• nicole calder

Using a smile to see

I read something a few years ago in The Art of Belonging by Hugh Mackay that has continued to influence my perception of human interactions. It’s this concept of acknowledgement and its importance in connection. When we wave at a neighbour or smile at a stranger, we aren’t exhibiting a conditioned social norm, but instead, we’re acknowledging the other’s existence. That wave, that smile, it says: I see you. I acknowledge you. And I belong to you. And this sense of belongingness is one of the greatest sources of human fulfilment.

Having been home and heavily engrossed in training for two months, this concept of belongingness has been readily apparent in the culture at both my club team and even at Adelaide United trials. What I’ve noticed, and had painfully missed during my collegiate years, is this genuine excitement to see one’s teammates. One of the first things I noticed about my teammates in America is that they didn’t hug. Nor did they really acknowledge your arrival or departure from training. It’s as though players were numb to emotion. To excitement. To human connection. Here in Australia, everyone hugs everyone. And if they’re not hugging you, they’re probably hi-fiving you, or shaking your hand, or at the very least, saying hello and asking how your day was. And not because they have to, but because they want to.

This acknowledgement was absent during my playing years in America. As such, I recall feeling a deep sense of rejection for who I was – I loved soccer. I loved my team. And I was always excited to see others. But that excitement wasn’t greeted with enthusiasm, instead it was dulled with coldness. I felt my rough edges smoothing over the years as I learned to numb emotion, to conceal excitement. A social creature by nature, I became a hermit. I felt rejected by my teammates, by my coach, by athletic staff. I felt like who I was was annoying, because that’s how I was perceived by those around me. It’s as though my excitement to see others was childish and there wasn’t a place for it. I yearned for connections that reciprocated this excitement, but silence was all that I received.


A significant part of me regrets not having moved home sooner, given the fulfilment and sense of belongingness I have seemingly eased back into. But I acknowledge and accept that I needed to stay in America – I needed to understand my teammates and my collegiate experience. And I also needed to experience that sense of belongingness in an alternative setting. And I did. I found that in my work. Not necessarily with my co-workers, but with my regulars. My childish enthusiasm upon seeing a familiar face was unconcealed. Better still, it was reciprocated. Fortunately too, I found this sense of belongingness with my tennis ladies. My tennis ladies didn’t tolerate me, they embraced me. They made me feel wanted. And they gave me the most precious gift; their authentic, unfiltered selves.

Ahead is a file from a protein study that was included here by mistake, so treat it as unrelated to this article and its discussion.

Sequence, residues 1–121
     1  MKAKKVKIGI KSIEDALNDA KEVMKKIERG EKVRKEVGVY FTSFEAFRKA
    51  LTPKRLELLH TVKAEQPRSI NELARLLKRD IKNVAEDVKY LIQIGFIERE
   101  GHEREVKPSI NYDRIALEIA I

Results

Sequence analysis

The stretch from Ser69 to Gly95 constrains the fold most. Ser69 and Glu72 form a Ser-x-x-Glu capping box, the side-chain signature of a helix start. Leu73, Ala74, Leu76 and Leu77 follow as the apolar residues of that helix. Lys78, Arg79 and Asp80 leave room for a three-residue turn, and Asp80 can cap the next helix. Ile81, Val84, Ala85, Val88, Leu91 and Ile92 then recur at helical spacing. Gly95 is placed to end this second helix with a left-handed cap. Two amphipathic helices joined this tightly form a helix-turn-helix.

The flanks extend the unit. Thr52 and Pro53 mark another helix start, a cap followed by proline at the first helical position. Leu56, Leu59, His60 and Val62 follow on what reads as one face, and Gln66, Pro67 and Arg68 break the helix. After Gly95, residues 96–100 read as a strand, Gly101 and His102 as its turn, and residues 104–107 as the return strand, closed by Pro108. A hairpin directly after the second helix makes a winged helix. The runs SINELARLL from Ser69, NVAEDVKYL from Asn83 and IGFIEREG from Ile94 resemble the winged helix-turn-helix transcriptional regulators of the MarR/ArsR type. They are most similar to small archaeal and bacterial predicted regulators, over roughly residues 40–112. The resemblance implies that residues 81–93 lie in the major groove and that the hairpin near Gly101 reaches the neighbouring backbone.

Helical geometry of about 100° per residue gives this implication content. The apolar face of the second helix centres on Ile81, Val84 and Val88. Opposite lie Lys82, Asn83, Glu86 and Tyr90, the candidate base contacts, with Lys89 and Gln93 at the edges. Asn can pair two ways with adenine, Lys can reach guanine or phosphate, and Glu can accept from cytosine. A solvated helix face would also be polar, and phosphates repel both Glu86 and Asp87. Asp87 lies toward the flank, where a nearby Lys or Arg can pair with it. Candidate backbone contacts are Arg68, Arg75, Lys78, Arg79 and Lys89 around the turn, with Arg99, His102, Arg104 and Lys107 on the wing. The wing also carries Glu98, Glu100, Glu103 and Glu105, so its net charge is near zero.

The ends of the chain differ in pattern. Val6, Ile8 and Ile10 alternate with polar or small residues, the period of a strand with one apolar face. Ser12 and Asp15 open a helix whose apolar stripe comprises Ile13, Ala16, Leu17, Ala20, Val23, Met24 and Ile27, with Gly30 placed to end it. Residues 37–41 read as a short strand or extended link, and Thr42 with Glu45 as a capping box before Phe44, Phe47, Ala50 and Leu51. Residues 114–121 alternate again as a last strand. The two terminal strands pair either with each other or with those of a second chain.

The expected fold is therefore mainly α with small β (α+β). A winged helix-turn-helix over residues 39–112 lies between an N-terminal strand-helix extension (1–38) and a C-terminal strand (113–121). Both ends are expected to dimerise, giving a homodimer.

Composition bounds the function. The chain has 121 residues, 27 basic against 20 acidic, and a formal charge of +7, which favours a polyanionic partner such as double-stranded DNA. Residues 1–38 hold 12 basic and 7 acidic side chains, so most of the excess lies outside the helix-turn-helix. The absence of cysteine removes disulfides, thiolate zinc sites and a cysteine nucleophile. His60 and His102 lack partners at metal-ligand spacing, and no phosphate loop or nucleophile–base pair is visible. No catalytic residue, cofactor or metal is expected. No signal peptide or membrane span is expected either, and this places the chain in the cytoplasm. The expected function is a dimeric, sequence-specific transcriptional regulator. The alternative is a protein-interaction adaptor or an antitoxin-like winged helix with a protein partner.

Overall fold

Within the past week, my perception has altered significantly. And I owe it to a specific individual who, unknowingly by being herself, reignited my internal zest and appreciation for soccer. Frustrated by circumstances beyond mine or others’ control, I was going through the motions with soccer. Negativity seeped into my language, apathy and indifference dominated my emotions. Until I saw this kid – she was so damn excited to be out there even though she was injured and has been for months. She was loving every minute of her rehab. She didn’t see it as a means to an end, but as an opportunity; an opportunity to be in a professional environment around quality players. Her raw, unfiltered excitement not just for others, but for herself, cultivated excitement within me and further altered my reality. Regardless of what happens with the selection process, I am doing something I love and I’m becoming better every day because of it. So often our fixation with a result distorts the beautiful process of the journey. But this kid reminded me of that. And she did so with her genuine, pure excitement for life.

On that, here are a few things I’ve learned from these contrasting soccer environments:

1) Life is too short to surround yourself around people who aren’t excited by your presence. Feeling connected is essential to not only a successful life, but a fulfilling one too. Surround yourself around the best of people; the people who build you up more than life breaks you down. Remember: relationships are to be enjoyed, not tolerated.

2) Someone’s rejection of you is a reflection of them and their values, not you.

3) A meaningless connection to you, could be a meaningful connection to another. Never underestimate the power of a connection nor overlook an opportunity to connect.


On this last point, I want to emphasise the importance of telling people how you feel. Someone made an impact on you? Tell them! You appreciate what someone did? Show them! I frequently hear friends describing others they have met as being a “top chick” or a “great human” and I often wonder; do they know this is how they are perceived? One of my primary goals in life is to live in such a way that friends, family, even strangers, always know exactly what they mean to me and how they impacted me. I try to show my gratitude with my authentic presence and my appreciation through intentional effort. I do this at the risk of seeming “too much”, but saying too much is often better than not saying enough.

So I encourage you; live as though those you love will die tomorrow, and you’ll have lived a loving life. Surround yourself around those who have a genuine love for life, for people, and just as importantly, for you. And never lose your childhood enthusiasm, for your unfiltered emotion might just alter someone’s reality.


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